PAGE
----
I had a lot of fun with Ocean’s 8. I mean it’s no Ocean’s 11 but that’s a hard plateau to breach. If anything though, the heist this time around is a little more fun, a bit more showy and humorous too, and every one of the girls headlining the all star blow out of a cast has a ball and does great. Some viewers bitch that it uses the same peppy split screen techniques and apes the laid back score and charm of Soderbergh, but hello people, this is in the same franchise and it stands to reason that it would feel like the others. Sandra Bullock plays Debbie Ocean, brother to George Clooney’s now deceased Danny, which is a shame because I would have loved to see a partner up flick. She’s no less the troublemaker, and the film follows the same beats of her being paroled and immediately planning an elaborate heist with many moving parts, all carried out by a crew of carefully picked, charismatic scoundrels, starting with Cate Blanchett’s Lou, a streetwise small time crook with sass and style. Instead of three giant Vegas casinos, the plan this time is to lift a priceless diamond necklace (actually it clocks in somewhere around the 150 million range) from the hilariously faux prestigious Met Gala. The piece will be worn on the neck of persnickety, ditzy mega star Daphne Kluger (Anne Hathaway), which requires a pickpocket (Awkwafina), a hacker (Rihanna), a fence (Sarah Paulsen), a fashionista (Helena Bonham Carter), a forger (Mindy Kaling), a few well placed cameos and plenty of hair-brained schemes within schemes along the way. Director Gary Ross keeps the mood light, fast paced but never too silly, letting each actress have their priceless moments. Hathaway was my favourite as the clueless diva who is exasperated by anyone in her orbit, and Bonham Carter nails an adorable Irish accent and scene steals the whole way through. I’ve heard complaints about originality and that it’s just a retread with chicks, and the may be so but it’s such a winning, fun formula! Who wouldn’t want more? They could do one with a bunch of dogs taking on a heist next and if the charm was there I’d be on-board because as it is, this is the perfect recipe for intelligent escapism and I enjoyed this one a lot.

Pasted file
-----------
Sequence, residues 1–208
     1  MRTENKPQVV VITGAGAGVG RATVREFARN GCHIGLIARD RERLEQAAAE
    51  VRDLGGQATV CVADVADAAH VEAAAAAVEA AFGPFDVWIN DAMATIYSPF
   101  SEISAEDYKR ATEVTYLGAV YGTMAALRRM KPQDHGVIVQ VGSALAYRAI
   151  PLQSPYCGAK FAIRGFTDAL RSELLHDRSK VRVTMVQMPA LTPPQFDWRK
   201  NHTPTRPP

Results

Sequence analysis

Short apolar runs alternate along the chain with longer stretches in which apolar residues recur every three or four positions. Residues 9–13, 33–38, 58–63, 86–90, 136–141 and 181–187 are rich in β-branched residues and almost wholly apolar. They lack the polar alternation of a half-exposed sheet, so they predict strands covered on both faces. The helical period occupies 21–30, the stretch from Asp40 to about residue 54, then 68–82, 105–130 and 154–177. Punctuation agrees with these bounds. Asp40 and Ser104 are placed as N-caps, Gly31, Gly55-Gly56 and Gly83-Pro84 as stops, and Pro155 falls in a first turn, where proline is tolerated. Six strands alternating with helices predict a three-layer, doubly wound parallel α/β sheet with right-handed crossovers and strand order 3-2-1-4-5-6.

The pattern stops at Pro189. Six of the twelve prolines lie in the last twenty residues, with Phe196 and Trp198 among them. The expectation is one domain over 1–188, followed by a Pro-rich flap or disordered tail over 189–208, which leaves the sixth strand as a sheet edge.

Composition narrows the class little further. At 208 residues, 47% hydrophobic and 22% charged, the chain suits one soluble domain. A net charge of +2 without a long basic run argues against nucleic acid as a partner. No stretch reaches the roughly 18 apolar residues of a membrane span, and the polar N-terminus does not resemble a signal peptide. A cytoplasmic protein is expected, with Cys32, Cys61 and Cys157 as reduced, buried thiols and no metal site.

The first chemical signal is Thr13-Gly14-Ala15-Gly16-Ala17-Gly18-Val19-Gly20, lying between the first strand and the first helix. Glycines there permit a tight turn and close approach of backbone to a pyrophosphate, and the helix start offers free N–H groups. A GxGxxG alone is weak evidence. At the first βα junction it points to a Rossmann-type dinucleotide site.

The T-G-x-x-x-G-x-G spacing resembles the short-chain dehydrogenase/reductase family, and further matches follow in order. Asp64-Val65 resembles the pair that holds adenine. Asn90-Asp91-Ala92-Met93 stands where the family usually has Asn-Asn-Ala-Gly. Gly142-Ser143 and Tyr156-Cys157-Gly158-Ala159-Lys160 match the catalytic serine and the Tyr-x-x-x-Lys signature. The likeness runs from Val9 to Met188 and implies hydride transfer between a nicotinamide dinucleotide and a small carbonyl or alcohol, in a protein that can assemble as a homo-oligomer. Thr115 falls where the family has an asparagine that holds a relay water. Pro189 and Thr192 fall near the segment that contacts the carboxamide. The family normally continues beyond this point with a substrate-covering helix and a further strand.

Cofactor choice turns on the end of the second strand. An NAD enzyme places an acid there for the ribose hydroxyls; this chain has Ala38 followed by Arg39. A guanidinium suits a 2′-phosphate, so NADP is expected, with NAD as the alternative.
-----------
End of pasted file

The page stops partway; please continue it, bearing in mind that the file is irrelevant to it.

-Nate Hill

Christopher Nolan’s Interstellar